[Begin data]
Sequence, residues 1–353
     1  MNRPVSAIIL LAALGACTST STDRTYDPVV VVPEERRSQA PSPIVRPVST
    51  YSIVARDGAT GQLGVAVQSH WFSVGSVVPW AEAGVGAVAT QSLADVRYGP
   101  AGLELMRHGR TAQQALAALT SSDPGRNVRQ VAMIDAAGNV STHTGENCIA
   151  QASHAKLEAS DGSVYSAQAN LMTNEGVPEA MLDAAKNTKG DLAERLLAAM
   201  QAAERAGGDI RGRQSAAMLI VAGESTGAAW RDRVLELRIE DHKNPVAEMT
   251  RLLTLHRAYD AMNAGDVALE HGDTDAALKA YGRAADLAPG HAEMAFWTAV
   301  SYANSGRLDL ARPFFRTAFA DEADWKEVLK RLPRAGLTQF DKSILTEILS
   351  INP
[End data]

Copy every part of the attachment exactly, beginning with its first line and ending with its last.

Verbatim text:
Sequence, residues 1–353
     1  MNRPVSAIIL LAALGACTST STDRTYDPVV VVPEERRSQA PSPIVRPVST
    51  YSIVARDGAT GQLGVAVQSH WFSVGSVVPW AEAGVGAVAT QSLADVRYGP
   101  AGLELMRHGR TAQQALAALT SSDPGRNVRQ VAMIDAAGNV STHTGENCIA
   151  QASHAKLEAS DGSVYSAQAN LMTNEGVPEA MLDAAKNTKG DLAERLLAAM
   201  QAAERAGGDI RGRQSAAMLI VAGESTGAAW RDRVLELRIE DHKNPVAEMT
   251  RLLTLHRAYD AMNAGDVALE HGDTDAALKA YGRAADLAPG HAEMAFWTAV
   301  SYANSGRLDL ARPFFRTAFA DEADWKEVLK RLPRAGLTQF DKSILTEILS
   351  INP